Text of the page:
The publication of a clinical paper in the Lancet, one of the UK’s leading medical journals, has received widespread media coverage, raising concerns about the risks of medical travel, and the resulting “threat to global healthcare”. The paper, “Emergence of a new antibiotic resistance mechanism in India, Pakistan, and the UK: a molecular, biological, and epidemiological study” (registration required – free), highlights cases where bacteria that make an enzyme called NDM-1 (New Delhi metallo-β-lactamase 1) are being “imported” into the UK by patients who have been to countries such as India and Pakistan for surgery abroad.
Media identify “health tourism” and “medical tourism” to India and Pakistan as cause
Of course, there is a risk that any patient undergoing surgery whilst abroad (many of whom will be holidaymakers who have been hospitalised, as opposed to medical travelers) may return to their home country with a hospital (or country) acquired infection. The concerning aspect of the current story is that “health tourism” and “medical tourism” have been named and shamed in the Lancet article itself and in the media coverage that it has stimulated. Many of the patients acquiring the infection had travelled to have cosmetic surgery in India. Other reasons for hospitalization abroad in NDM-1 affected patients included bone-marrow transplant, dialysis, heart disease, pregnancy, traffic accidents, and burns.
The research carried out by experts at Cardiff University, the Health Protection Agency and international colleagues has identified this new “superbug” in fifty patients in the UK to date; the authors express concern that it may pose a global threat.
The NDM-1 enzyme can exist within different types of bacteria making them resistant to the carbapenem group of antibiotics. The enzyme was first identified in Sweden in 2008. A diabetic patient who had been hospitalised several times in New Delhi returned to Sweden with an abscess. The infection proved resistant to carbapenem and following DNA sequencing a novel enzyme was identified and christened New Delhi metallo-β-lactamase 1. Problems arising from the NDM-1 enzyme have also been highlighted in the USA, Canada, the Netherlands and Australia.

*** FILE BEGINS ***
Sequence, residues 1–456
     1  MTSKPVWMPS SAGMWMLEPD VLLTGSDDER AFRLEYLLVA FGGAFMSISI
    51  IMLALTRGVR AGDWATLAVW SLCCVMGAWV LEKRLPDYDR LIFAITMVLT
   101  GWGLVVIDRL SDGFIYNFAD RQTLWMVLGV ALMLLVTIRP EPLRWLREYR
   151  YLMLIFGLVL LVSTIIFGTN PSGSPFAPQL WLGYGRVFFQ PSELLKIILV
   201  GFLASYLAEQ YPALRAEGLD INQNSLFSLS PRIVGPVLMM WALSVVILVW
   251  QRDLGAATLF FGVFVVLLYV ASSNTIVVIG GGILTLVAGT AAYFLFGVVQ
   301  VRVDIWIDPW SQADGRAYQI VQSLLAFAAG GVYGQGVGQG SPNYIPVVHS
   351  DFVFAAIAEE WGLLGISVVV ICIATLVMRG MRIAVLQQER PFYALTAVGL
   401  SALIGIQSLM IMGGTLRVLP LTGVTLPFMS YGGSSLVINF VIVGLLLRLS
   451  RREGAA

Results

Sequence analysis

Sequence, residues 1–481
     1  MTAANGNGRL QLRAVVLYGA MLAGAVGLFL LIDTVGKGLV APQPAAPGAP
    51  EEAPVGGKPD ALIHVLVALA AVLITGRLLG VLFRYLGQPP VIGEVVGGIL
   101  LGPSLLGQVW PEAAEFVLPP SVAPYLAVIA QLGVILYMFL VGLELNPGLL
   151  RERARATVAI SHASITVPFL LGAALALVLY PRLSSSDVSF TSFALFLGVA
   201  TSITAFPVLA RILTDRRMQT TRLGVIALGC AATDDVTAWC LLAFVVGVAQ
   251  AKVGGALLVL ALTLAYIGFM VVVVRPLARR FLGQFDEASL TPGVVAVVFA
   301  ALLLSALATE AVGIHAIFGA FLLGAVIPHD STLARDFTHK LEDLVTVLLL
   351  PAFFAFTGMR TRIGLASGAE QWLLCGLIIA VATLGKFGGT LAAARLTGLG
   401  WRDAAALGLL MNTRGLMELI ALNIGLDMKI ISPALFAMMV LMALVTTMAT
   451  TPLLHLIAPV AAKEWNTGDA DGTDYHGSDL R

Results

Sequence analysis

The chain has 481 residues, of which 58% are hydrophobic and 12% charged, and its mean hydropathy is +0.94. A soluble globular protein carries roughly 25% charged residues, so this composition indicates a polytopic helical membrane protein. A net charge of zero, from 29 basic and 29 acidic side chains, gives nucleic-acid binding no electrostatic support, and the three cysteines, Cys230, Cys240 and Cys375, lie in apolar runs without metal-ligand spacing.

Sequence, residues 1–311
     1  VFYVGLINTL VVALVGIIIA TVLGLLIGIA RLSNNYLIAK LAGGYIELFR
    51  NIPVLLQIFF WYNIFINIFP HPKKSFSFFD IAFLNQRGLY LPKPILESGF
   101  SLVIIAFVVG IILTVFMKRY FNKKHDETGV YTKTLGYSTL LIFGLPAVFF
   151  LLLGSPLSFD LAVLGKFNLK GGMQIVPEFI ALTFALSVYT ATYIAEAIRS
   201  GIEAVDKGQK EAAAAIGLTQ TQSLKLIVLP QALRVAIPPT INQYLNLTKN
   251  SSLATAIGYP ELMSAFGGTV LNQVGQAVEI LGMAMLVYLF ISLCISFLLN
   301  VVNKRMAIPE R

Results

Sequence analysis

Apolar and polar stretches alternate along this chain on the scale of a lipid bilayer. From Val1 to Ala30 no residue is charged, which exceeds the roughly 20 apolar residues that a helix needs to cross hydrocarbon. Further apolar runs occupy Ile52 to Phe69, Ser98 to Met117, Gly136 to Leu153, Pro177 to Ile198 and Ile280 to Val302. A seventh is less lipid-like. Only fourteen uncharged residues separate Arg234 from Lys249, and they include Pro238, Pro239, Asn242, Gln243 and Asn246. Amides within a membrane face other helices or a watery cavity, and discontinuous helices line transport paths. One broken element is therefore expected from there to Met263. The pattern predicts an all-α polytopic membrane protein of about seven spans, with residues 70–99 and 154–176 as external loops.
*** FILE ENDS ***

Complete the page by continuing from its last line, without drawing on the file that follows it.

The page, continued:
The main worry is that the enzyme may increase resistance to antibiotics in other more common bacteria; media coverage has described it as “a new global health threat”, and an “unbeatable enzyme that could make all bacterial diseases resistant to antibiotics” and reports such as “medical tourism spreads superbug to UK” and “British researchers warn medical tourists of new antibiotic resistant superbug” have appeared.
In July 2009, the UK's Health Protection Agency put out a national alert about NDM-1, describing NDM-1 as "a notable public health risk". In June 2010, the US Centre for Disease Control (CDC) reported the first instance of NDM-1 in the United States. The CDC alert asked that clinicians encountering carbapenem-resistant gram-negative bacteria should ask patients about contact with India or Pakistan in taking the patient history.
Medical travel businesses.... take note
The medical travel industry needs to take these developments seriously. In Canada, Dr. Johann Pitout of the University of Calgary who wrote a commentary on the Lancet article has warned: “The take-home message for the Canadian public is, if you travel to the subcontinent and you get admitted to hospital for whatever reason, medical or cosmetic surgery, and you come back and get sick, you should tell somebody you’ve been in hospital in India or Pakistan.” He also suggests screening and testing of anyone returning to Canada after medical procedures in India or Pakistan.
The closing comments of the clinical paper sum up the potential threat:
“It is disturbing, in context, to read calls in the popular press for UK patients to opt for corrective surgery in India with the aim of saving the NHS money. As our data show, such a proposal might ultimately cost the NHS substantially more than the short-term saving and we would strongly advise against such proposals. The potential for wider international spread of producers and for NDM-1-encoding plasmids to become endemic worldwide, are clear and frightening”.
The reality... is it a threat to medical travel?
17 of the 37 patients in the study had a history of travel to India or Pakistan, and 14 had been in hospital in those countries. Some had had cosmetic surgery in India, others received treatment for cancer and other serious conditions. It is also clear that NDM-1-producing bacteria are widespread through the Indian subcontinent. So this is not something that is unique to medical travel.
Nevertheless, perceptions can be formed by the way that the media represents a story. The coverage of this clinical paper will no doubt raise doubts with patients and consumers about the safety of medical travel. Many will believe what they read in the press and see on the TV.
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